Banks asked to fund Tk 20,000cr to set up rental power plants

Manjurul Ahsan | Published: 22:19, Jun 28,2017

 
 

The government in an unusual move has asked local banks to fund approximately Tk 20,000 crore to facilitate private entrepreneurs to set up a number of rental power plants by March 2018.
The government’s plan includes installation of 17-18 quick rental power plants with 2,000MW combined capacity adding to existing 15 rental plants with 931MW capacity which have already raised power prices by more than 69 per cent since 2010, said power division officials.
At a meeting held on June 21, state minister for power, energy and mineral resources Nasrul Hamid requested the local banks as well as the Bangladesh Bank to provide the funding to the private companies to be awarded contracts for installing 2,000MW power plant in next nine months, they said.
The government plans to award a number of contracts to private companies within a month without bidding to increase the country’s power generation capacity by 2,000MW in next seven to nine months, Power Cell director general Mohammad Hossain told New Age.
The power plants will run on imported liquid fuel, he said.
It would require approximately Tk 20,000 crore investments which is not feasible to source from foreign banking channels in a short time, said Mohammad Hossain.
At the meeting, Mohammad Hossain presented a paper describing the funding requirements in power sector for short-term as well as for long-term. Top executives of local banks and representatives of the Bangladesh Bank and Economic Relations Division attended the meeting.
Bank division secretary Md Eunusur Rahman told the meeting that the local banks were not interested in funding power sector as it required big amount of money for long-term investment although the schemes were attractive.
He, however, said that the bank division would extend its support in this regard.
When asked about the mode of contracts for new power plants, the Power Cell director general denied terming them ‘rental’ or ‘quick rental’ power plants and said that some contracts would be signed for three to five years and some other for 15 years.
He, however, admitted that the rate of capacity payment would be higher than that of the long-term power plants to enable them to realize their investments in a short-term.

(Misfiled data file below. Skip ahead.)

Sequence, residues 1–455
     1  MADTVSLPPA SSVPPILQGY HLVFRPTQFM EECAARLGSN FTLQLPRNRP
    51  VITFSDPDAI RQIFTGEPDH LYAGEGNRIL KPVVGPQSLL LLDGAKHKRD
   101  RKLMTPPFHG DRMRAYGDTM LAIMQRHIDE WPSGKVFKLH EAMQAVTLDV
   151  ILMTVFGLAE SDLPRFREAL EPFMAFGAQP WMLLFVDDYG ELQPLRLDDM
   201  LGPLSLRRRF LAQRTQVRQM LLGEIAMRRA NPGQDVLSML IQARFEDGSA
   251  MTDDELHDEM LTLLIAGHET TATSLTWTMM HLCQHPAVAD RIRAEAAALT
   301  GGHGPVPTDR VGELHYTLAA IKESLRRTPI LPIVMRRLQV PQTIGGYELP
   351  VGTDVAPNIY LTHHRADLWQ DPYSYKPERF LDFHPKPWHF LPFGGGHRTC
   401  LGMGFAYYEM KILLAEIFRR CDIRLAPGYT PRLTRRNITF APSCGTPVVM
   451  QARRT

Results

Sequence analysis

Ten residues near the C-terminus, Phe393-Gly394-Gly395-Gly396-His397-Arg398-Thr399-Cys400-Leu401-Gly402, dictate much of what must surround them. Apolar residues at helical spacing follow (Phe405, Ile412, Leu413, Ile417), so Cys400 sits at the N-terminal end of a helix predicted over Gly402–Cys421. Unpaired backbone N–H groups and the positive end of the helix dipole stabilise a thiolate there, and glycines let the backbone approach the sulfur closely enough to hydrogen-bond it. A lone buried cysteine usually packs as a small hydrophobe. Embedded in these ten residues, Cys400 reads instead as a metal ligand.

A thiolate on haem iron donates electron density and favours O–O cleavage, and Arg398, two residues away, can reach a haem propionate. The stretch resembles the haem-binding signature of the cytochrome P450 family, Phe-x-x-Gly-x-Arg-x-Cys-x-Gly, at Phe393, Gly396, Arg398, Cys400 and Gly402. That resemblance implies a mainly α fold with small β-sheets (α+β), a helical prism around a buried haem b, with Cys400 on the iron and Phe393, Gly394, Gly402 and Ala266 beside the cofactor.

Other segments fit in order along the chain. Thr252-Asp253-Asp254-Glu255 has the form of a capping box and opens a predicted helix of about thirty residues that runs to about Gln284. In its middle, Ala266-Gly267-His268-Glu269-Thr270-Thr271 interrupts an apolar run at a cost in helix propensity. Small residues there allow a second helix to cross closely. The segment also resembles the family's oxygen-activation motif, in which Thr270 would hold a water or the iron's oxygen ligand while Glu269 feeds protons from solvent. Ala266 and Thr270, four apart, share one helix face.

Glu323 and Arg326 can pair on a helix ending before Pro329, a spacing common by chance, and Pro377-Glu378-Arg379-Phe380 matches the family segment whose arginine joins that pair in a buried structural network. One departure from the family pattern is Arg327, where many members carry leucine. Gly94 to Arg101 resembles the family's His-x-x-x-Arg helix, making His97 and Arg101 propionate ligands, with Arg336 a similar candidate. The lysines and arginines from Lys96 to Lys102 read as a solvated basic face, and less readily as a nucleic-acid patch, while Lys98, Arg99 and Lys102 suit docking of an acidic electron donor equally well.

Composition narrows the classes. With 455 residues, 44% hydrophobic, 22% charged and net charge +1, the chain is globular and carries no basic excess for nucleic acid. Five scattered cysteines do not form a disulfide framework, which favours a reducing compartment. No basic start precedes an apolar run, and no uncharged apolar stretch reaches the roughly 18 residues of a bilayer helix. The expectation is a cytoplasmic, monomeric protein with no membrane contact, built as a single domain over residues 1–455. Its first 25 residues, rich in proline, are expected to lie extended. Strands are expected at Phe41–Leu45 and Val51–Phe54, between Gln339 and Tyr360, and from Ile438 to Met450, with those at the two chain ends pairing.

Officials of state-run Power Development Board said that the terms and conditions and the method of awarding the proposed contracts would be similar to that of the quick rental power plants.
Like the contracts awarded for quick rental power plants, the fresh ones would be awarded under the Speedy Supply of Power and Energy (Special Provisions) Act 2010 that indemnified officials concerned against prosecution for awarding contracts without tender.
The power division and the state-run Power Development Board are now examining 15 proposals to set up seven barge-mounted and eight land-based power plants with a combined capacity to generate 1,800MW power, said officials.
They also said that the government would allow a few more proposals before initiating negotiations with the companies.
The government took the move after the power board had paid 20 rental power plants with 1,653MW capacity Tk 6,000 crore extra in capacity charge during their original contract period that exhausted between 2013 and 2015, the officials said.
In the face of delays in implementing the mid-term plan, the government extended the power purchase contracts with 15 out of the 20 rental power plants which would accumulate about Tk 2,000 crore extra in capacity charge during the extended contract period to be exhausted between 2018 and 2020, they said.
Now the government plans to extend a good number of contracts to the 15 and
award some fresh contracts which would raise the cost of power generation further, the officials said.
Meanwhile, the government awarded six contracts through bidding to install six furnace oil-fired power plants with more than 600MW capacity, which are expected to come into operation in next one year.
Citing the grounds for increasing power generation costs caused by expensive short-term measures, the Bangladesh Energy Regulatory Commission increased the electricity prices by 69.25 per cent — up from Tk 3.76 per unit to Tk 6.33 — in eight phases between March 2010 and September 2015.
Another move for raising prices of electricity is now under the commission’s consideration, it was learnt. 

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